Release Post | Naked Gardening Day Box Set

Yesterday, the Naked Gardening Day Box Set was released 🥳

Where I’m at there are hardly any leaves left on the trees, the mornings are foggy and the wind is cold, so I don’t recommend getting naked in the garden. To each their own, of course. If you’re into freezing your butt off, then go for it! But if you’re more like me, then may I suggest snuggling up on the couch? Grab a blanket, something warm to drink, and your favourite reading device.

The Naked Gardening Day Box Set will transport you to warmer times with sun-warmed skin and colourful flowers.

There are five stories written by five different authors – Holly DayNell IrisA.L. LesterK.L. Noone, and Amy Spector . The stories are not linked and the only thing they have in common is that they’re celebrating World Naked Gardening Day. The level of gardening varies in the stories, but somewhere, somehow, for some reason, someone will be naked in a garden.

Below you can read the first chapter of my story, Perfect Rows.

Naked Gardening Day Box Set

nakedgardeningday

Celebrate World Naked Gardening Day with five gay romance novellas! 

The Naked Gardening Day stories are a collaboration between Holly Day, Nell Iris, A.L. Lester, K.L. Noone, and Amy Spector. They comprise five MM romance novellas featuring being naked in a garden somehow, somewhere, to mark World Naked Gardening Day on the first Saturday of May. 

Contains the stories: 

Perfect Rows by Holly Day: Everything would’ve been perfect if Grayson hadn’t been forced to share his garden with Cam. Grayson wants to grow vegetables, and he has a plan for how to do it. Cam loves flowers in perfect rows, but Grayson is incapable of growing things in lines. Most days end in conflict, at least until Grayson realizes he can shut Cam up by kissing him. But will they ever be able to agree about the garden? 

Strike a Pose by Nell Iris: Didrik would do anything for his BFF Filip, including taking naked pictures for a charity calendar of his dad Johan, the stunning man responsible for Didrik’s gay awakening. Now a widower, Johan is ready to move on. As they start the project, the attraction between them grows. Their connection is easy, but not without challenges. Will they get their happily ever after?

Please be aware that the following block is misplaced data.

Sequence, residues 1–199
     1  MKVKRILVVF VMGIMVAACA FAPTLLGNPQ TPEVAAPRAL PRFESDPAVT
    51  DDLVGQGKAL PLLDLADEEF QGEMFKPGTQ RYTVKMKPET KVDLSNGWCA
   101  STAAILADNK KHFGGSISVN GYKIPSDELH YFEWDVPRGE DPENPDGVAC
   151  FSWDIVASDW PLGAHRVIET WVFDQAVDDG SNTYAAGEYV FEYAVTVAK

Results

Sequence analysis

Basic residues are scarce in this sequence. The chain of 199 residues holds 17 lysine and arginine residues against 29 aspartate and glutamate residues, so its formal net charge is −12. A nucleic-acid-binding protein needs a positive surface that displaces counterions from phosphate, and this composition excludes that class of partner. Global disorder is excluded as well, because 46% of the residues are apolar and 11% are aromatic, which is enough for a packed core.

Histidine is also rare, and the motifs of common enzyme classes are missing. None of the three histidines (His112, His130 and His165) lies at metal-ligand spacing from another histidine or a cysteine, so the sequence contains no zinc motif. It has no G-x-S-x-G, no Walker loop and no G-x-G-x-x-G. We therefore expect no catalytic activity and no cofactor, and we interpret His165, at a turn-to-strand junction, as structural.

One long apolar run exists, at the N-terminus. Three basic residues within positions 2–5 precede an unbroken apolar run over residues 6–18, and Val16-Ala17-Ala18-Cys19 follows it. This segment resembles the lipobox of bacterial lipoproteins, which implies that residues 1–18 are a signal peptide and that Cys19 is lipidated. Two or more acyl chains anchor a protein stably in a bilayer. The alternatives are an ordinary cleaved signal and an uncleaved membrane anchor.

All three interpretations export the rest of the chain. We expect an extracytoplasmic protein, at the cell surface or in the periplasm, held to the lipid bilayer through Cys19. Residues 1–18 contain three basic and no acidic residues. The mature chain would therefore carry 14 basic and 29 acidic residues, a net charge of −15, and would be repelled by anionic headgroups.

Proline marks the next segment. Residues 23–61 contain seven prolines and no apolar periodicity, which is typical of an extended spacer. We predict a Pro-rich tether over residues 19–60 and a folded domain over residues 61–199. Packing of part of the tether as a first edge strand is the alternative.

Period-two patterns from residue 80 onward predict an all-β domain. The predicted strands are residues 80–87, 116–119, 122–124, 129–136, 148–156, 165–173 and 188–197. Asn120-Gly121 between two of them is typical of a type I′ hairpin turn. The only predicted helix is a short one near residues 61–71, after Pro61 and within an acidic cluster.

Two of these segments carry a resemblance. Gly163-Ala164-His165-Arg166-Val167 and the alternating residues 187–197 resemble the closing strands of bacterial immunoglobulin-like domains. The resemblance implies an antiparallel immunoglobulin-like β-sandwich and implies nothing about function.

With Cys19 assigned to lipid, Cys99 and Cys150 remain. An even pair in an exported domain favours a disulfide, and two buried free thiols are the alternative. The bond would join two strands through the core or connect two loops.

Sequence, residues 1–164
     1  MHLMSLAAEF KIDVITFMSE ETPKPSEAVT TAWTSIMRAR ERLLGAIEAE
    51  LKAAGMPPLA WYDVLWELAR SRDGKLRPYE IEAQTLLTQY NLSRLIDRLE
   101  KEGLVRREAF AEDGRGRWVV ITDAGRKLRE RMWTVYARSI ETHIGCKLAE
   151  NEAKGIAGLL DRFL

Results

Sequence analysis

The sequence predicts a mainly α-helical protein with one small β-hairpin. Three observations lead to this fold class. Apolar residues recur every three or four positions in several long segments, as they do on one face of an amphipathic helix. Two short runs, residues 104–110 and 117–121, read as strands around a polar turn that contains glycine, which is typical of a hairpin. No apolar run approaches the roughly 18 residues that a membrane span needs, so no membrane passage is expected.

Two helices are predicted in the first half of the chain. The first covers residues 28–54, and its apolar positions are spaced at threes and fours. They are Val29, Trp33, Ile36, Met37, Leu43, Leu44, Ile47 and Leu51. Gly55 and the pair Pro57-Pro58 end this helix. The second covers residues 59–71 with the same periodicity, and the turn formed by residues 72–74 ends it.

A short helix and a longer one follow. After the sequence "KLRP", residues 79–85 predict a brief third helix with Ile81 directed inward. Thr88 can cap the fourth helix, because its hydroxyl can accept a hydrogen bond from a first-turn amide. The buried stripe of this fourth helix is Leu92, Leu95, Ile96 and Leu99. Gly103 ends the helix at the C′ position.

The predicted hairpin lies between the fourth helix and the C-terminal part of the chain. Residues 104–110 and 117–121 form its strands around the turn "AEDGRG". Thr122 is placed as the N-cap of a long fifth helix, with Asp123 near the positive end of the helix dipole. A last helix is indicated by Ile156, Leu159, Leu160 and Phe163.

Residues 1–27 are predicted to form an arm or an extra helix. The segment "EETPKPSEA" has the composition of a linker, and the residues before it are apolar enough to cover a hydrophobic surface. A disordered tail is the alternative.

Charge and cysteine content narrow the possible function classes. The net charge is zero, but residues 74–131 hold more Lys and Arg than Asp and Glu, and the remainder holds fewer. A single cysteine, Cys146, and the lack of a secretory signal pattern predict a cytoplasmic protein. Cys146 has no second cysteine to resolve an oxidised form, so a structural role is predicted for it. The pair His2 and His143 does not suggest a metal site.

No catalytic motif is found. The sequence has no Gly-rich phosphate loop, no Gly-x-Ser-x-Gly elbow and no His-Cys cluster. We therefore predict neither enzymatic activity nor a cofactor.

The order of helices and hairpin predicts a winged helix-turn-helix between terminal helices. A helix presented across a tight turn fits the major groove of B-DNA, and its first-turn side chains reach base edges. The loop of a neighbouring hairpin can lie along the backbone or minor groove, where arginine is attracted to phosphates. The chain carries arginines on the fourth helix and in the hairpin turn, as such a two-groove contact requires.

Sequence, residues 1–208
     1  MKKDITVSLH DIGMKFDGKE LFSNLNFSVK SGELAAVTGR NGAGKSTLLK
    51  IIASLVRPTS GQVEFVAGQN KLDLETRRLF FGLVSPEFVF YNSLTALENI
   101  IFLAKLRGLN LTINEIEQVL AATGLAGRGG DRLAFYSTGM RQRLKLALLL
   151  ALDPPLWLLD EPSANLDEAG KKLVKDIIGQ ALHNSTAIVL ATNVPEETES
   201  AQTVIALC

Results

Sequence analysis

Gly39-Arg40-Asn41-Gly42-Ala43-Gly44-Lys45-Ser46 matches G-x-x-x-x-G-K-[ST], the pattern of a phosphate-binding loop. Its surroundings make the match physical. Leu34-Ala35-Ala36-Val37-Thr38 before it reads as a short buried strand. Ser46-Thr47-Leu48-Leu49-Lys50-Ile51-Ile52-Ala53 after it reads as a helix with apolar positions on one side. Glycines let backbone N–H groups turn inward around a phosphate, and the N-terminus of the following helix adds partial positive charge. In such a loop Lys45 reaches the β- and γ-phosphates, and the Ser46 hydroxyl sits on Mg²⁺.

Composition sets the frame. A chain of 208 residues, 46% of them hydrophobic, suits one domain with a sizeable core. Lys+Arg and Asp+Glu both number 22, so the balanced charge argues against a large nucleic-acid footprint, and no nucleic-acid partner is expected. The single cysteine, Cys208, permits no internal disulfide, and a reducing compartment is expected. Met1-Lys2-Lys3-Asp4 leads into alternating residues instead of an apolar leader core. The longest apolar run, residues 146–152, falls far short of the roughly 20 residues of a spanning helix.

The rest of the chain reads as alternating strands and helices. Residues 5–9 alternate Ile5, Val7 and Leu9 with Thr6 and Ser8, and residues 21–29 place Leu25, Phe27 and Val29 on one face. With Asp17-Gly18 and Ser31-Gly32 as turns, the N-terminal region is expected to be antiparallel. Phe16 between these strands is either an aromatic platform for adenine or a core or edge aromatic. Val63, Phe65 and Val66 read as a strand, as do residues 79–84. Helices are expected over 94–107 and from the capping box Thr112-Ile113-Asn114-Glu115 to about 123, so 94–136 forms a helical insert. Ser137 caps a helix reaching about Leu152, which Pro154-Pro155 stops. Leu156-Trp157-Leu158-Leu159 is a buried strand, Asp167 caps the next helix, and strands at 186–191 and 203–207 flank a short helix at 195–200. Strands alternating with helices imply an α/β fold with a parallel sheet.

The Death of Digby Catch by Amy Spector: When August Catch arrives at the Arachne’s Loom estate to collect his late Uncle Digby’s things, he is thrown together with Theo Webb, the heir to the Webb family fortune. The attraction is instant. When Theo begins to suspect Digby may have been murdered, he and August will need to work together to discover the killer, and not let the thing growing between them be a distraction. 

The Hermit of Aldershill Manor by K.L. Noone: Charlie’s ready to start a new job and life at Aldershill Manor. As a historian, he’s thrilled to dive into the archives. And he can run from a messy break-up. And explore lovely gardens, too. Lionel does not like tourists, conversations, or social niceties. But he loves his job: helping beauty grow. When he finds the new historian caught in a storm, he offers shelter, which might bloom into more. 

Warning! Deep Water by A.L. Lester: Spring 1947. England has just come through the worst winter in living memory. Peter’s been drifting since he left the army a year ago. George is lonely, despite the busy horticultural nursery he owns. Peter’s decision to take a swim in the irrigation tank presents them both with the chance to reach out and help each other. Can two misfits find a way to fit together with someone after all?  

Buy links: 

Gay Romance Box Set: 86,131 words 

JMS Books :: Amazon 

Annoying little shit

Perfect Rows

Chapter 1

Grayson Dawe walked through the garden. The spring night was cool, and the scent of lilacs clung to the air. His shoulders ached from a long day at work, and he was sweaty and had paint in his hair since he’d forgotten to put his cap back on after the breakfast break. The beer he and Ryan, his best friend and colleague, had grabbed after work had turned into three, and now it was getting dark.